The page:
Longueuil, Quebec (CSA PR) — In presenting: The State of the Canadian Space Sector 2011, [Download here] our annual report on the health of Canada’s Space Industry, I want to draw your attention to key data, which measures change in the space sector using a number of indicators, such as sector and category of business activity, regional differences, the value of export revenues and the strength of our manufacturing base.
The results for 2011 were mixed. After four years of successive and sustained growth, this year saw only modest growth pegged at 1.3% overall, with total revenues in the space sector edging to reach $3.483 Billion. Domestic revenues increased by 4.8%, while exports dropped by 2.2%. At the same time, after three years of growth, the space sector workforce stalled and shed 9% or 762 space-related positions, among them 471 highly qualified persons in 2011.
The marginally incremental growth in space sector revenues was evenly distributed among organizations, benefiting the Robotics, Earth Observation and Space Science sectors of the space economy. Collaboration among different space partners is at the core of Canada’s commercialization of innovation and continued growth, as companies, universities and government agencies work together to leverage knowledge and resources. As examples, are the development of AIS SAT-1 for Norway, which involved input from the University of Toronto and Com Dev; and, Canada’s contribution of the Alpha Particle X-Ray Spectrometer (APSX) instrument on NASA‘s Curiosity Mars Rover, which was developed in collaboration between the Canadian Space Agency, the University of Guelph and McDonald Dettwiler and Associates.
In 2011, the report includes more detailed reporting on the sources of government revenue received by organizations to perform space-related work (up from $319M in 2010 to $368M in 2011). The Canadian Space Agency, the Department of National Defence and the Natural Science and Engineering Council are captured as being major sources of this funding. The potential of space assets to deliver terrestrial benefits was demonstrated by collaboration between the Canadian Space Agency and the Canadian Institutes for Health Research, which funded the development and improvement of medical diagnostic tools that will help determine the health of Astronauts working on the International Space Station. These devices will be tested on the Station and one day may be adapted for use by Doctors in medical clinics to more quickly provide patients with accurate and timely diagnosis of their medical conditions.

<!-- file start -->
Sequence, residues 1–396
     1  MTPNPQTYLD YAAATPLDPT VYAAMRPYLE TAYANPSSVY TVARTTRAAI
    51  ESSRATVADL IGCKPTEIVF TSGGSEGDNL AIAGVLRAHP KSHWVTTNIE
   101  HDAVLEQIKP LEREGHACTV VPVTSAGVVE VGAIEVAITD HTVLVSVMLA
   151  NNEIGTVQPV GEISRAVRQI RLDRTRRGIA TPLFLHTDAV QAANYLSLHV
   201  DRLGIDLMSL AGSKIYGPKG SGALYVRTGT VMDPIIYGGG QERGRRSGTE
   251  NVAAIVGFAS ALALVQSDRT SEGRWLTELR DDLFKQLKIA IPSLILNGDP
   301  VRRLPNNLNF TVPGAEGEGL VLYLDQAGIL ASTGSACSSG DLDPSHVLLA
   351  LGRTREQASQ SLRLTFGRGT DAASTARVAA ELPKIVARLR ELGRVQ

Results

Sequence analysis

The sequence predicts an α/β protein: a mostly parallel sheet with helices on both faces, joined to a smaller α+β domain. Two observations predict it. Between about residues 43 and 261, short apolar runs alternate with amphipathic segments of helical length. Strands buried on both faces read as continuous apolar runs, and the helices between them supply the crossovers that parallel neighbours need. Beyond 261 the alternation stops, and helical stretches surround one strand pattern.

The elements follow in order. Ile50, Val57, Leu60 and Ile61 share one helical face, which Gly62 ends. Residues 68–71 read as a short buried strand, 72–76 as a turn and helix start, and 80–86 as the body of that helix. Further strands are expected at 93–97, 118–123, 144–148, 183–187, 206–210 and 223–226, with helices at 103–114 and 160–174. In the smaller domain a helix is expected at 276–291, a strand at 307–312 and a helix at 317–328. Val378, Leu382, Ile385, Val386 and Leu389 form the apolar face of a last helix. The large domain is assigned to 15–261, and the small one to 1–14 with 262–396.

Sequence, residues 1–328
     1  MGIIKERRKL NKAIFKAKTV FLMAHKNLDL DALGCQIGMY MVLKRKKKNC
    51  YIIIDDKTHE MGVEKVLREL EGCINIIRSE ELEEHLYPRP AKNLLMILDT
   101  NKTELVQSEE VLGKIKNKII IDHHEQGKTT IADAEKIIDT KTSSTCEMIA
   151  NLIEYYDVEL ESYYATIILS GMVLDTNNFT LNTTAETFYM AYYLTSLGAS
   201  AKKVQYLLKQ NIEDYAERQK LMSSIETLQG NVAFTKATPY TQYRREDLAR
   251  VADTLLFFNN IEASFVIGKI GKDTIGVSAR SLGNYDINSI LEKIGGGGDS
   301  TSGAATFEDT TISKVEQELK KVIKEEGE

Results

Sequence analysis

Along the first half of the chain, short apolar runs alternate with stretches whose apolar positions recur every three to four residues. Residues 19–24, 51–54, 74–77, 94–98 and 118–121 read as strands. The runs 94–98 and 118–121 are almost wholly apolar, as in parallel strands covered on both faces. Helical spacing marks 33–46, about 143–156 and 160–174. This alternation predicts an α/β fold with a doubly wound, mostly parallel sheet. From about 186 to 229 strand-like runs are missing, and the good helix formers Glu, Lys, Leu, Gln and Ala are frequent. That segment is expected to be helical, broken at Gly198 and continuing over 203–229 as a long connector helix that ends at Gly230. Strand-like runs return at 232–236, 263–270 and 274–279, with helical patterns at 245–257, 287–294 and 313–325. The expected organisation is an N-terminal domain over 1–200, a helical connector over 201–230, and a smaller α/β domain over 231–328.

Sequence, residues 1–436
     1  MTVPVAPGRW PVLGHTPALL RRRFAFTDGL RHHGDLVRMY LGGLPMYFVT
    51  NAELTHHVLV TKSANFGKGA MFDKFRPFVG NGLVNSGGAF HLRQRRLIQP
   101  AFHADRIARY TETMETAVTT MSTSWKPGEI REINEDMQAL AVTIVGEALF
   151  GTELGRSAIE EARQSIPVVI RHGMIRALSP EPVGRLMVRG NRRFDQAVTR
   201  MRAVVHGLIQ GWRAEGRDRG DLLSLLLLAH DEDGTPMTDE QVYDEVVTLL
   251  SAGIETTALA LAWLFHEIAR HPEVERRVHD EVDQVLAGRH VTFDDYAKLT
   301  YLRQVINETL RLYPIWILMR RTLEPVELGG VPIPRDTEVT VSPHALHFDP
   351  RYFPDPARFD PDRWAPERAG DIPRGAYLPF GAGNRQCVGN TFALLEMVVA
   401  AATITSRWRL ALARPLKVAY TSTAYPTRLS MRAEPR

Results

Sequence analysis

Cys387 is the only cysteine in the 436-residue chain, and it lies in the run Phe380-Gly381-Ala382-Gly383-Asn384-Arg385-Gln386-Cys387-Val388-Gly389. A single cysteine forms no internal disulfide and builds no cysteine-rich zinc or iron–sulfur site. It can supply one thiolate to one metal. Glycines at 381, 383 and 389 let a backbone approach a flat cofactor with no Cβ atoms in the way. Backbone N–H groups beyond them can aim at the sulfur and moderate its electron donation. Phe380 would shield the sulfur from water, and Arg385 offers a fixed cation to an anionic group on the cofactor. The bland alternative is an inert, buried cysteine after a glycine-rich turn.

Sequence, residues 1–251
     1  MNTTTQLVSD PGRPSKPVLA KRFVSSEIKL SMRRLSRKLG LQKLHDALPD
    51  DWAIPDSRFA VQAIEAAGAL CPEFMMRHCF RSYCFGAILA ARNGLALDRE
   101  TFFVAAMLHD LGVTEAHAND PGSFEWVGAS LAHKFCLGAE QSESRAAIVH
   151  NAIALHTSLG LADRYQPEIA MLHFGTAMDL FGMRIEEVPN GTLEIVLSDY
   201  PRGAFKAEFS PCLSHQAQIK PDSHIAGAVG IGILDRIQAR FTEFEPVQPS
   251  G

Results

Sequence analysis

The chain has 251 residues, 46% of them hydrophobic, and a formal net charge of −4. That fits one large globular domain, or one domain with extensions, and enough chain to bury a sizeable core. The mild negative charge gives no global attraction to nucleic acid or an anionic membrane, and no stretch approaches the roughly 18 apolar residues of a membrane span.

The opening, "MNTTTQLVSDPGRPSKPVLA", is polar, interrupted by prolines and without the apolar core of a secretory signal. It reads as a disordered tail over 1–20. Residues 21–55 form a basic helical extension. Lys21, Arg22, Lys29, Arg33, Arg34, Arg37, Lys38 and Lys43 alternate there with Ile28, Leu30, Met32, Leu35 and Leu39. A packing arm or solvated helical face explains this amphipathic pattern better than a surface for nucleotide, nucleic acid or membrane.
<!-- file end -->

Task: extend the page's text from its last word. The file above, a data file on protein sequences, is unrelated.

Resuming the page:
The results of this annual survey: The State of the Canadian Space Sector 2011 have been made possible by the generous collaboration and input of our partners, members of the Canadian Space Program.
Dr. Steve MacLean
President, Canadian Space Agency
- In 2011, the Canadian space sector generated total revenues of $3.483B, reflecting a 1.3% increase over 2010 results and continuing the upward trend of the past four years. In 2011, growth was evenly distributed among the surveyed organizations and less concentrated among top earners, as was the case for the 2010 results.
- Over the last five years, total revenues generated by the Canadian space sector have increased by 47% or, $1,111M. The Compound Annual Growth Rate (CAGR) from 2007 to 2011 was 8%;
- Domestic revenues reached $1.818B, growing at a rate of 4.8%. Non-governmental sources of revenue continue to make up the majority of domestic revenues with 80%. The remaining 20% of domestic revenues are derived from Canadian governments (federal, provincial, municipal), the majority of which is derived from federal sources, especially from the Canadian Space Agency;